The tithe controversy – Part 1
I have followed the controversy about tithing with interest, and I have decided to share my own perspective on the ongoing debate. Historically, the controversy about tithing dates back to centuries, but like any other controversy surrounding the Scriptures, they all come and go with time. One of the beauties of Christianity is its resilience. Many have assailed the Church and its doctrines, but like Jesus said, “I will build my Church; and the gates of hell shall not prevail against it.”
The practice of tithing pre-dates the Law of Moses and was carried over into the New Testament. In the Old Testament, tithes received from other tribes were used to support the Levites, who served in the temple. However, unlike in the Old Testament, where the command to tithe is very explicit, in the New Testament, there is only a tenuous reference to tithing (Mt.23: 23). Some have argued that the relationship between the Levites and the other tribes of Israel prefigures how Christians should provide for their ministers. This view of tithing, known as parallelism, gained prominence in the church around the sixth century.
Unlike during the Old Testament period, which was largely agrarian, we now live in an Industrial Age, where our efforts and worth is measured in monetary terms. Our earnings represent the sum total of our efforts, skills and worth. When we pay our tithes from our earnings, we are simply saying to God, “Thank you for the strength and wisdom you gave me to work and earn a living.” The whole idea of tithing or offering is giving back to God a little of what He has given to us.
Collin Hansen in his article, The Ancient Rise and Recent Fall of Tithing, states that, “The early church’s expectation that every Christian would tithe found formal expression at the Synod of Mâçon in 585, which embedded the practice in canon law. A millennium later, the Council of Trent sharpened this law’s teeth: it provided for excommunication, if any Catholic declined to contribute his tithes… Post-Reformation Europe, however, didn’t do much better: in the centuries after Luther, secular governments often acted on behalf of the churches by collecting mandatory tithes.” Therefore, from this brief historical background, tithes, while not explicitly stated in the New Testament, is a Church tradition established to support kingdom work. Let me say that the current debate about tithing will not end with this generation, as it has always been there.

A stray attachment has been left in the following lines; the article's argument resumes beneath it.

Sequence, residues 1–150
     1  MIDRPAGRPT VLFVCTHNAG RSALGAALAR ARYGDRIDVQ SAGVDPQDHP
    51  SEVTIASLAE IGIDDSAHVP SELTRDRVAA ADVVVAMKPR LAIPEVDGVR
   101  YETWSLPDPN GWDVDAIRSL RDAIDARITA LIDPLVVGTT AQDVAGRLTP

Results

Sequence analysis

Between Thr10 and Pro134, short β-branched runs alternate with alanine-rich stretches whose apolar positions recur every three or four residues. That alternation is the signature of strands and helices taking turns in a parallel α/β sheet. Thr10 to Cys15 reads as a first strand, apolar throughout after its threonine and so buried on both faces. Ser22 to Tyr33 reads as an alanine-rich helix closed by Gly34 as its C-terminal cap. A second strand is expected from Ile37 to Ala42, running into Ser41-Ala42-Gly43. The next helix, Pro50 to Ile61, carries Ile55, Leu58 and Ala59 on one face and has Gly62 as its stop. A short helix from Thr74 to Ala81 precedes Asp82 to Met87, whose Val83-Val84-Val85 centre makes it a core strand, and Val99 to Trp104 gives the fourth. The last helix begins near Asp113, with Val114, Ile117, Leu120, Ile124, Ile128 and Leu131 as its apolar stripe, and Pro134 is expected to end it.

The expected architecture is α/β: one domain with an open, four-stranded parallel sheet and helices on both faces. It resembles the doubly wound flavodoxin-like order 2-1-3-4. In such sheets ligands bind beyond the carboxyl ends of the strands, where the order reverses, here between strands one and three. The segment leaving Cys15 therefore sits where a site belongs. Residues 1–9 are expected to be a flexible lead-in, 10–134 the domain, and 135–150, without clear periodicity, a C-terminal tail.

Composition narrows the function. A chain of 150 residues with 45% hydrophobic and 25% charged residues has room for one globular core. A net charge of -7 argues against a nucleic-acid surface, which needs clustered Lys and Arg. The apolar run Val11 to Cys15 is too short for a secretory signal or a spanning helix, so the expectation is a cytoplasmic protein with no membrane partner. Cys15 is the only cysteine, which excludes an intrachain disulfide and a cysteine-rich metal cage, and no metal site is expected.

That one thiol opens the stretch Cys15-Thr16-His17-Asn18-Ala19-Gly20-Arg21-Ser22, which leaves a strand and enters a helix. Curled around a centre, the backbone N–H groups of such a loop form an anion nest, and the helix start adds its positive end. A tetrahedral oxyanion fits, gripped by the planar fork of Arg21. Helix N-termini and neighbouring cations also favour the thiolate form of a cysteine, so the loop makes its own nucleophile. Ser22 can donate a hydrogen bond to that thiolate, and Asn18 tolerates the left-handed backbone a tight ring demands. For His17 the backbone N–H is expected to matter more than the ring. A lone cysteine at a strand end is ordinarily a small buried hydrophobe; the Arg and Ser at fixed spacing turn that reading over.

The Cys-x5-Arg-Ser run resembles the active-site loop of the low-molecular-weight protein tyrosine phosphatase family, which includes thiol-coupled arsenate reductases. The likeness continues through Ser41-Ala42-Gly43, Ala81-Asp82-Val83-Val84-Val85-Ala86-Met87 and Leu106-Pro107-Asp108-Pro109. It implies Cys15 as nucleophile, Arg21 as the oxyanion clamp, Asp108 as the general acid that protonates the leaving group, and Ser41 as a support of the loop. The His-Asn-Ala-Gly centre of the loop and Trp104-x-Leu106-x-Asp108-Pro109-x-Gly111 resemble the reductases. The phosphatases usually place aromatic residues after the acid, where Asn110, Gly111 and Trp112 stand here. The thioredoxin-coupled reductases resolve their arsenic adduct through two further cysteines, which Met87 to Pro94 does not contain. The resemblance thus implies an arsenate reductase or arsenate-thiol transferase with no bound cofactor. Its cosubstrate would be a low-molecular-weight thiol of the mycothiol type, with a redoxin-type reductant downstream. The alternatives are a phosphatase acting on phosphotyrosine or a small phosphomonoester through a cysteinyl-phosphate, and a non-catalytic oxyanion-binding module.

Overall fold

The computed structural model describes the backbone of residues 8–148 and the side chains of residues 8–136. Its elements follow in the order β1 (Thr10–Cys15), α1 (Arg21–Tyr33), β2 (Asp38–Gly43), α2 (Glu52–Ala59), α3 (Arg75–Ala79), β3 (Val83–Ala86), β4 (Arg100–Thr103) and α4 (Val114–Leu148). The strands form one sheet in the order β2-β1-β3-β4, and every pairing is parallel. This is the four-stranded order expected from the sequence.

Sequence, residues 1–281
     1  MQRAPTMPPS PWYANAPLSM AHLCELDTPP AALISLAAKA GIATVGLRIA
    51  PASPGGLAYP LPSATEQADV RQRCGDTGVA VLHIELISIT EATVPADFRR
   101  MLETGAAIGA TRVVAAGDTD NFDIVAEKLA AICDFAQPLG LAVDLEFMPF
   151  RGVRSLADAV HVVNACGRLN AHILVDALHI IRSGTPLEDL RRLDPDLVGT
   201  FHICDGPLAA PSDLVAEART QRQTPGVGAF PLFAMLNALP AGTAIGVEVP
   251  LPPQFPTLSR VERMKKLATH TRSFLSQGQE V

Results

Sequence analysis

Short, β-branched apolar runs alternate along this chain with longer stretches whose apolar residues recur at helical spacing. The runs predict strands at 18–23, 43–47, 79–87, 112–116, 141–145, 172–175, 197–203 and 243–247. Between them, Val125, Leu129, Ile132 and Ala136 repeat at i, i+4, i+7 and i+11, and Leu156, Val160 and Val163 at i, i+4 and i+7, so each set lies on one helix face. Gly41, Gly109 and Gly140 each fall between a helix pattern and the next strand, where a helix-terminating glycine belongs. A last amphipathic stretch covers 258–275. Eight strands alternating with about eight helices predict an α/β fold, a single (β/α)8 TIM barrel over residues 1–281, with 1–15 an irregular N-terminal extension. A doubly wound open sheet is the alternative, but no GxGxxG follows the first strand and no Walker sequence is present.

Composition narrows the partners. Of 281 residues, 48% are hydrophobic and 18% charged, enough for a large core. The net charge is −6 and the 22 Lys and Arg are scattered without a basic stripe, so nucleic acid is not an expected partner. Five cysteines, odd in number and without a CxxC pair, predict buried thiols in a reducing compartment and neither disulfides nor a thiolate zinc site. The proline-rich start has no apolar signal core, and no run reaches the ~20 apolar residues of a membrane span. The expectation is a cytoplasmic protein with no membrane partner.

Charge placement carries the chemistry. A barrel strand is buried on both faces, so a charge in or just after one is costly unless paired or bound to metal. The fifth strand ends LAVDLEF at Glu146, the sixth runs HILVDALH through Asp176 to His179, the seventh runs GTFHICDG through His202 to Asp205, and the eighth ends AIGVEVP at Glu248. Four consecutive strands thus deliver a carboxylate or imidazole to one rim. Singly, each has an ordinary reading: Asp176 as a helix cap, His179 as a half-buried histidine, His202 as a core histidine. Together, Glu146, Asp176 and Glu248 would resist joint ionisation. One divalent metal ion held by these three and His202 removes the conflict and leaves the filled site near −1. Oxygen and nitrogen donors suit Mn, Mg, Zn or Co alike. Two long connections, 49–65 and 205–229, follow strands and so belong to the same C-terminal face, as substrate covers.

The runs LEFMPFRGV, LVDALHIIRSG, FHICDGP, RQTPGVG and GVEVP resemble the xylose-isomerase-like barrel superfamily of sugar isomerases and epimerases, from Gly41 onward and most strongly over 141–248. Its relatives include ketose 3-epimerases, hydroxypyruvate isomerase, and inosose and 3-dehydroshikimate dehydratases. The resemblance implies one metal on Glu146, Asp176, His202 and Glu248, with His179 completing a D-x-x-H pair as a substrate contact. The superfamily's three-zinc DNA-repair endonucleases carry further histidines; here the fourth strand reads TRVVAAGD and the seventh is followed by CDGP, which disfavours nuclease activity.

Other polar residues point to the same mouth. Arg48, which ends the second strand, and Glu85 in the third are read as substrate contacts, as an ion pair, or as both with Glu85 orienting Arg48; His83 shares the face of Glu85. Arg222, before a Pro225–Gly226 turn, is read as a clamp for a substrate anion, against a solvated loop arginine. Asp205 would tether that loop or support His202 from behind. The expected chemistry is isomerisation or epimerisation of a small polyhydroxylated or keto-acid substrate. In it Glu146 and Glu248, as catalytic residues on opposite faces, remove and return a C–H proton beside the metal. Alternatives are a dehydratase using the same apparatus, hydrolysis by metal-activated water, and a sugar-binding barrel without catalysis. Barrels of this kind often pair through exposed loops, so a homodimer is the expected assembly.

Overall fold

One of the greatest arguments in favour of tithing is the example of Jacob. At Bethel, Jacob vowed to give to God a tenth of his earnings, if God would be with him, keep him in his way, give him bread to eat and clothing to put on. The Bible describes Jacob’s action as a vow. It was personal and voluntary. Even in the New Testament, a vow is not anachronistic; it is permissible, voluntary, and not obligatory. Therefore, a tithe could be a personal commitment to God to give to him one-tenth of all our income.
Like any other doctrine of the Bible, you accept the teaching on tithing by faith.
You tithe as a show of your commitment or devotion to God and His kingdom work, not necessarily to man. The Bible teaches that all we own, including our lives, belong to God. We are mere stewards of His treasures given to us by grace. Therefore, when we tithe, we are simply giving back to God what belongs to Him (Lev.27: 30-33; Num.18: 21-24).
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